And do I have a Favorite Spectator Sport? Yes indeed. It’s the one played with the small fuzzy yellow ball. Not only are there no teams involved, in my mind there is only one player. And he’s playing right now in the French Open. So, in a weird way it’s good that the Blazers flamed out, since I wouldn’t be able to pay them any mind. Because when Roger Federer is on, everyone else takes second place.

The One and Only Fed at Wimbledon a couple of years ago. I was watching him play while on a flight out to visit — you guessed it — my Mom

Amagansett, New York. May 2019

Strolling The Prom

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‘Yet another trip down my personal Memory Highway’

It might be only a tad wider than a sidewalk, and just over a mile long, but The Seaside Promenade — lovingly dubbed ‘The Prom’ — is jammed with traffic. Memory traffic; for me, that is.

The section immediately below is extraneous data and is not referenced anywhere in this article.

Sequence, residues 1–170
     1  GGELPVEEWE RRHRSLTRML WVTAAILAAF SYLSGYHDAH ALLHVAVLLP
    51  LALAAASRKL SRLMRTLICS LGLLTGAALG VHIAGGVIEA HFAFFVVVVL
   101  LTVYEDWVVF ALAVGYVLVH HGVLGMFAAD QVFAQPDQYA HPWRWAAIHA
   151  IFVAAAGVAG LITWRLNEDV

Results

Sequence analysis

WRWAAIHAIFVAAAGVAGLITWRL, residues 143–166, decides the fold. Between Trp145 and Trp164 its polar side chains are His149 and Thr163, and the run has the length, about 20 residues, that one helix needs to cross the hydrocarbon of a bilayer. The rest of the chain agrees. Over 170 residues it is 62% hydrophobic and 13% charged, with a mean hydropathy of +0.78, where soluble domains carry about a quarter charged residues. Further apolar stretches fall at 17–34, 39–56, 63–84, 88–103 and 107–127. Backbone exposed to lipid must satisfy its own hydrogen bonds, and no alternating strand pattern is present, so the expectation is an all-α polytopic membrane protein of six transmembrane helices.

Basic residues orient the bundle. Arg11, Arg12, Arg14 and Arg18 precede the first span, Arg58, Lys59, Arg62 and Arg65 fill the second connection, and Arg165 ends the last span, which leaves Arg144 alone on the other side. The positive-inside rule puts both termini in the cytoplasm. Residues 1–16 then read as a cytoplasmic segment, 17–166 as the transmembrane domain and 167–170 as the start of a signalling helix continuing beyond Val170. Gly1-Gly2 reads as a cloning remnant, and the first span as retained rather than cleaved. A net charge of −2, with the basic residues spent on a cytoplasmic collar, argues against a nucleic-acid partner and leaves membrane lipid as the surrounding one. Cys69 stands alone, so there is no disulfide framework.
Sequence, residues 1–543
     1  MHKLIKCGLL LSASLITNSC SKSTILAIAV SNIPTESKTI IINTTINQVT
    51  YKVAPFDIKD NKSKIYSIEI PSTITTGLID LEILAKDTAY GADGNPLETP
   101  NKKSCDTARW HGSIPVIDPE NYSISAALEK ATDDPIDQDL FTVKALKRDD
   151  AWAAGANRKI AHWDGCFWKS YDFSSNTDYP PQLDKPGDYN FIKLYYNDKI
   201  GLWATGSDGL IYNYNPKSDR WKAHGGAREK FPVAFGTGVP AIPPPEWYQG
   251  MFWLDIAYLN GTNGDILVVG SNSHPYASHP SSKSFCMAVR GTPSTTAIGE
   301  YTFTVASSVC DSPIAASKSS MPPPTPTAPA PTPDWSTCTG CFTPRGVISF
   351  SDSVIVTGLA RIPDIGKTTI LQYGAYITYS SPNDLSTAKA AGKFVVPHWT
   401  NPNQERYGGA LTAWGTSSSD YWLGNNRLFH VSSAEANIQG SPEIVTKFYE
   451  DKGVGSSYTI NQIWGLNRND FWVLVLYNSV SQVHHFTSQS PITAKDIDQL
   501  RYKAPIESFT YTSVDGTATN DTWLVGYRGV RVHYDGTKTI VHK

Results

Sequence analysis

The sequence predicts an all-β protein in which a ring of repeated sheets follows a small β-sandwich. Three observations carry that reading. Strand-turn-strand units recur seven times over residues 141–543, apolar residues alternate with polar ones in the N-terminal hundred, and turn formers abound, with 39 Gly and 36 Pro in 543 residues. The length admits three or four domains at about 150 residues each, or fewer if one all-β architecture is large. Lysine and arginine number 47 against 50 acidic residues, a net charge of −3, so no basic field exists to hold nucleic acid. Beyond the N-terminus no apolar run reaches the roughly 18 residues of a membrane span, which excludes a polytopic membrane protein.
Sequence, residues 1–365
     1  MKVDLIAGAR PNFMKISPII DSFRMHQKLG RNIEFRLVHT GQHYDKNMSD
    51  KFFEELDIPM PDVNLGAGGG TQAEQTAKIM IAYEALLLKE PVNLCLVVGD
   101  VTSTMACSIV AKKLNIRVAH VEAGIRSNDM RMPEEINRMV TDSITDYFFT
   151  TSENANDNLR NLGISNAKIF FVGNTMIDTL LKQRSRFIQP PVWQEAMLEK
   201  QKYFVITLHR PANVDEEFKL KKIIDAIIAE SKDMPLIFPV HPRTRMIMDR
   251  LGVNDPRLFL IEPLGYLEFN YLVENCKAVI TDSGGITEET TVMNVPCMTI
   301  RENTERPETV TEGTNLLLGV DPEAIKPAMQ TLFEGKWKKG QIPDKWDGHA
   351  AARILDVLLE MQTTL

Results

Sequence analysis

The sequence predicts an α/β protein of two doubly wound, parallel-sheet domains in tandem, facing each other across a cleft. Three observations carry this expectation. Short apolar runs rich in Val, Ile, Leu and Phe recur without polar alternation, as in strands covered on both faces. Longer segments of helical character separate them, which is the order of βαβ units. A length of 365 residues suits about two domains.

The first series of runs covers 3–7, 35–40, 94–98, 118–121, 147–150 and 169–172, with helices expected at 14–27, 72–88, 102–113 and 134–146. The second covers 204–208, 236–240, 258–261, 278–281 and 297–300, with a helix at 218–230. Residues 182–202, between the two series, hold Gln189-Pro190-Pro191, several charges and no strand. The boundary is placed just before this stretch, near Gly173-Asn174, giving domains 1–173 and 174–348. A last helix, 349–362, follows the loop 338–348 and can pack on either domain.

As you Faithful Readers know all too well by now, I was raised, Midcentury-Modern-style, in a small town in the Midwest. It was a nice enough small town, but as it happened, all five of us Henry Kids scattered to the four corners of the country pretty much as soon as we could get our respective acts together.

The small-towny, rather Carlyle-esque house where my parents lived in Seaside

And, a decade or so after the last of their brood flew the coop, our parents too pulled up stakes (I’m dizzy from mixing metaphors here) and relocated to Seaside, Oregon, an unassuming small coastal town that one of my beloved-and-hilarious Younger Brothers immediately christened “Carlyle-by-the-Sea”.